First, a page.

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Published: Monday, September 25, 2000

StrCat.Catter - An Efficient String Concatenation Component

By Michael Balloni


I wrote this component - StrCat.Catter - because string concatenation in Visual Basic (Script) has poor performance characteristics. I found that code like this:

- continued -

'

<%
  Dim rs
  Set rs = ExecuteSql("SELECT Username FROM Users")

  Dim some_str
  some_str = ""

  do until rs.EOF
    some_str = some_str & rs(0) & "<br>" & vbCrLf
    rs.MoveNext
  loop

  Response.Write some_str
%>

performed very poorly. The code took a long time to execute, during which time the processor was totally saturated. I found articles on MSDN stating that this type of code was a bad idea, and I've heard that this type of concatenation results in run times that are proportional to the square of the number of concatenations. There are times when a solution based on passing strings - instead of passing function pointers or function objects capable of outputting strings - is favorable. For example, let's say I have a general routine that asks the user to verify their billing information before they make a purchase, and this routine needs to output a summary of what the user is buying. You might be tempted to say:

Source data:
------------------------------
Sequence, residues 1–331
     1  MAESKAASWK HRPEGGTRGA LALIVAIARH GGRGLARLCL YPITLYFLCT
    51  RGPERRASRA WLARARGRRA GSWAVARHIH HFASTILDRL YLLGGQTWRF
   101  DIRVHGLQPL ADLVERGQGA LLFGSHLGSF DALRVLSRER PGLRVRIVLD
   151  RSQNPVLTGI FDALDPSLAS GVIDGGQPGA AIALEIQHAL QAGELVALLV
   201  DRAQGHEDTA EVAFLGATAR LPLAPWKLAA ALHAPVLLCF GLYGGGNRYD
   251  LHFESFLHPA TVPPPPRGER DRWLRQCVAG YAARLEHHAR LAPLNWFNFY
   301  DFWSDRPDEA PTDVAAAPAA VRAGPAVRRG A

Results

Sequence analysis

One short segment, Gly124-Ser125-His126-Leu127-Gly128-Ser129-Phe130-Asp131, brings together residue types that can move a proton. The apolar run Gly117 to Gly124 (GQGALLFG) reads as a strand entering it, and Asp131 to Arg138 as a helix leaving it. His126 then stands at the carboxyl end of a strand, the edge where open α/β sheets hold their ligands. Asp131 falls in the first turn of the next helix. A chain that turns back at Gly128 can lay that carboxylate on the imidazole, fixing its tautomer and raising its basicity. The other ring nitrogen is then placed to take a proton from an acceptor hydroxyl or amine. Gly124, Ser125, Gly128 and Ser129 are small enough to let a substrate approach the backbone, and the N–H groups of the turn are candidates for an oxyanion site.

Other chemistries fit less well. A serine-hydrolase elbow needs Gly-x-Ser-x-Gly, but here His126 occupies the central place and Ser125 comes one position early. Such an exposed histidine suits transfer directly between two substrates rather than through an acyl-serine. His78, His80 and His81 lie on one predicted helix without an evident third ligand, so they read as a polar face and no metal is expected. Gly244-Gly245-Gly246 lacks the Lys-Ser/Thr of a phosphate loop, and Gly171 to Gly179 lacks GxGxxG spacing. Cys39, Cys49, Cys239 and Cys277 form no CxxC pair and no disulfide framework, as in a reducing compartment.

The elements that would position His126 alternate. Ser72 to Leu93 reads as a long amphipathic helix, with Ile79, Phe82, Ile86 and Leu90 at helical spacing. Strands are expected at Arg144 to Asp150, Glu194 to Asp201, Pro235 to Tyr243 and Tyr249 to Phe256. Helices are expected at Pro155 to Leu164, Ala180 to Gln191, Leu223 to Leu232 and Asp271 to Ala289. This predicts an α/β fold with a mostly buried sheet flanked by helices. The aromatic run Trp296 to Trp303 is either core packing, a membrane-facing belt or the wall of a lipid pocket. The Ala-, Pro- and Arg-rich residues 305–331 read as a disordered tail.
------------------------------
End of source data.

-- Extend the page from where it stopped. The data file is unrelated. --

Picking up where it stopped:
<%
  ' Output your purchase summary...
  ' ...then output your billing information verification system.
%>

but what if your billing information verification code needs to sprinkle HTML on boths sides of the purchase summary. Then you're better off passing that purchase summary - as a string - to the billing information verification code. You could put together some sort of "object that outputs purchase summaries when this method is called" type of system - and VBScript allows for this type of system - but let's keep things simple and pretend we just want to pass in a string and we need efficient string concatenation.

Enter StrCat.Catter. "Catter" is a C++ COM component with a very small interface. Here's typical usage of it:

<%
  Dim strcat
  Set strcat = Server.CreateObject("StrCat.Catter")

  Dim rs
  Set rs = ExecuteSql("SELECT Username FROM Users")

  do until rs.EOF
    strcat rs(0) & "<br>" & vbCrLf
    rs.MoveNext
  loop

  Dim some_str
  some_str = strcat.Dump
  Set strcat = nothing

  Response.Write some_str
%>

That's pretty simple, isn't it? By having the concatenation method be the default method, you just say the Catter's name - in this case strcat - and it just tacks on the string you give it. When you're ready to use the whole string, call Dump and you've got it!

In Part 2 we'll look at the implementation of our Catter class and performance tests.

  • Read Part 2

  • Software Developer / Programmer - Distributed Systems (NYC)
    Next Step Systems
    US-NY-New York

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